The Pope’s visit to the UK where he will beatify the Cardinal Newman at ceremony in Birmingham will allow the country to gain “fresh energy and inspiration” from its “rich Christian inheritance” according to his top man in Britain.
Pope Benedict XVI will arrive later this week for the first state visit by a Pontiff to this country.
Thousands of people are expected to line the routes in an attempt to catch a glimpse of the Pope during his four-day trip to Edinburgh, Glasgow, London and Birmingham.
The Pope is scheduled to host a prayer vigil and beatify Cardinal John Henry Newman, the 19th century convert to Roman Catholicism in an open-air Mass in Cofton Park.
The Most Rev Vincent Nichols, the Archbishop of Westminster and formerly Archbishop of Birmingham, described the visit as an event of “great cultural and historic resonance”.
It will invite people to focus on the “Christian inheritance that lies at the heart of our culture and traditions”, the Archbishop said.
“From this source there is much fresh energy and inspiration to be gained,” he wrote.
“When we forget, minimise or even reject this inheritance, then we risk losing our profound identity and creating a vacuum of values at the heart of our society.”
The Pope’s visit will include trips by “Popemobile” which are expected to attract thousands of onlookers.
The visit, beginning on Thursday in Edinburgh, comes 28 years after the six-day pastoral trip by Pope John Paul II to England, Scotland and Wales in 1982.
Pope Benedict will receive a state welcome from the Queen at Holyroodhouse Palace in the Scottish capital before travelling by Popemobile to the official residence of Cardinal Keith O’Brien, Archbishop of St Andrews and Edinburgh.
The Pope will travel to Glasgow later that day where he is scheduled to preside over a giant open air Mass at Bellahouston Park.
The Pontiff will fly to London on Thursday night to spend two days in the capital where he will meet schoolchildren and representatives of different faiths at St Mary’s University College, Twickenham.
He will meet Archbishop of Canterbury Dr Rowan Williams at Lambeth Palace before travelling by Popemobile to deliver an address at Westminster Hall attended by an audience including all four living former prime ministers.
The Pope will also participate in a service of evening prayer at Westminster Abbey and celebrate a Mass at Westminster Cathedral, the mother church of Catholics in England and Wales.
The Pope’s stay in London will include meetings with Prime Minister David Cameron, Deputy Prime Minister Nick Clegg and the acting leader of the Opposition Harriet Harman.
He will visit a residential home for older people in Vauxhall, south London, before travelling by Popemobile to a prayer vigil in Hyde Park, London, currently estimated to be attended by 80,000 people.
The culmination of the visit will be at Cofton Park, Birmingham, on Sunday September 19 when the Pope will personally beatify Cardinal John Henry Newman, bringing him a step closer to becoming England’s first non-martyred saint since before the Reformation.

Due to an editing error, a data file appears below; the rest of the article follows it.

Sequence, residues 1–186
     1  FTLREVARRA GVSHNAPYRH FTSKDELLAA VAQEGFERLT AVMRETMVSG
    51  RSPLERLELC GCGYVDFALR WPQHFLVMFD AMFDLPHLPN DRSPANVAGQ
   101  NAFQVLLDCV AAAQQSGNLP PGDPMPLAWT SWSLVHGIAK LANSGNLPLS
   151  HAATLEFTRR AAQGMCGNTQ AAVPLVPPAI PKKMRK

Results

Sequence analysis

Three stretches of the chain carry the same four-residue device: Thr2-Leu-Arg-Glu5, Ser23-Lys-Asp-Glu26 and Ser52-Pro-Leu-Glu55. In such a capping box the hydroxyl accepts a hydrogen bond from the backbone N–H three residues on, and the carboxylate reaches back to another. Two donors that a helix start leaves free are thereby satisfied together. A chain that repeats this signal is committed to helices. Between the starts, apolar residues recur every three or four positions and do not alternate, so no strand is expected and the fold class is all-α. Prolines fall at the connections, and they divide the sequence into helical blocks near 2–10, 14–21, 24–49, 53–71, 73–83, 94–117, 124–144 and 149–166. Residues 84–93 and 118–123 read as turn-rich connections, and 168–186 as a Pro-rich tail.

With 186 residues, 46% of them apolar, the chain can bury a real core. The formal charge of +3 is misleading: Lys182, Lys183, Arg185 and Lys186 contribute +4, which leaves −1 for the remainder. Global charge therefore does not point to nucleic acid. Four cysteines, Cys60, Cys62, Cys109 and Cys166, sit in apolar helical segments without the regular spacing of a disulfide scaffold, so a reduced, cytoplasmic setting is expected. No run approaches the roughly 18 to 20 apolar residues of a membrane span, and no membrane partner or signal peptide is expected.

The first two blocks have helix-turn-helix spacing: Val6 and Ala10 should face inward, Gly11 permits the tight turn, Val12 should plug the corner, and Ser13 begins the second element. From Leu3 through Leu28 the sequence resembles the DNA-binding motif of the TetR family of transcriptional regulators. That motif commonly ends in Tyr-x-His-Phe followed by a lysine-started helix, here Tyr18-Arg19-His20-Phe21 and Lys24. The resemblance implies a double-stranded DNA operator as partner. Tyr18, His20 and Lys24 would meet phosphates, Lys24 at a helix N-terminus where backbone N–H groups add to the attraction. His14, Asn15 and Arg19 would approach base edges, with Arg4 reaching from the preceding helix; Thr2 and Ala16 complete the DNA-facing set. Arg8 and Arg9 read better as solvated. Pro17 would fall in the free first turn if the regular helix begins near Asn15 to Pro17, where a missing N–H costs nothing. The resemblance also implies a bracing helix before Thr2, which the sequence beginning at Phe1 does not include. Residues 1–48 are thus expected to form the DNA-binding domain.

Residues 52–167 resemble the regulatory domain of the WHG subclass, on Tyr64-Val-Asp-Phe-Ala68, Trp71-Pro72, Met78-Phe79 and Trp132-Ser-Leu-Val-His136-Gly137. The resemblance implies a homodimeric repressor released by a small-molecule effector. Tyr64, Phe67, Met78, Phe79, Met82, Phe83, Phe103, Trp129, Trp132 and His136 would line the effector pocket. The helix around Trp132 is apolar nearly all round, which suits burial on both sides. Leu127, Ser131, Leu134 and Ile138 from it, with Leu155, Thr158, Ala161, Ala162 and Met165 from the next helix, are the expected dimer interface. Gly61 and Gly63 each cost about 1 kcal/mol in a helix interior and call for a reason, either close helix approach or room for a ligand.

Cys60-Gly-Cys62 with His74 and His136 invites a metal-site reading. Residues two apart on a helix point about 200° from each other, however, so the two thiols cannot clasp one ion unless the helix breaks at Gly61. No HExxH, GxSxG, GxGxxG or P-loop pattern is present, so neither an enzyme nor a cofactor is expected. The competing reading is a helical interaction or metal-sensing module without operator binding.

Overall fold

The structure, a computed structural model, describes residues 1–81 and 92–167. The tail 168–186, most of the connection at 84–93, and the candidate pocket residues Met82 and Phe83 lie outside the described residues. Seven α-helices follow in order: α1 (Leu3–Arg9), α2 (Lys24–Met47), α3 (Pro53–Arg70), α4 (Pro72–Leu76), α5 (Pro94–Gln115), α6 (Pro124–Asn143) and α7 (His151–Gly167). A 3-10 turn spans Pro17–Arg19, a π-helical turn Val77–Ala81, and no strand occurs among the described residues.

He is expected to travel by Popemobile along a stretch of the Hagley Road in Birmingham to the Oratory of St Philip Neri in Edgbaston following the beatification Mass.
The taxpayer is expected to pay up to £12 million towards the cost of the visit with the Catholic Church contributing up to £10 million. The policing costs could reach £1.5 million, it was estimated last week.
The Catholic Church said in a statement that there would be “limited” space and vantage points along the route when the Pope travels by Popemobile from Lambeth Palace to Westminster Hall.
A spokesman for the Catholic Church in England and Wales, said: “We anticipate huge crowds along The Mall and Constitution Hill as the Pope makes his way to the vigil in Hyde Park on Saturday September 18 at around 6pm.
“We anticipate the enthusiasm of the crowds will make it a memorable occasion.”
Peter Jennings, press secretary to the Archbishop of Birmingham, the Most Rev Bernard Longley, said he was “extremely grateful” to Birmingham City Council and the West Midlands Police for making it possible to use the Popemobile in Hagley Road.
“This means that a significant number of people will now be able to see the Holy Father Pope Benedict XVI close up,” he said.
A statement from the Metropolitan Police said: “While security issues will be paramount, the Met Police is working with HM Government, event organisers and other partners to ensure routes for the Popemobile are designed with the aim of affording the public the best possible opportunity of seeing Pope Benedict.
“Those wishing to see the Pope are advised to plan their trips well in advance and head for the central London Popemobile routes to avoid disappointment.”
Protesters opposed to the state visit will stage a march and rally in central London on Saturday (September 18) and a separate demonstration will be held outside St Mary’s University College the day before.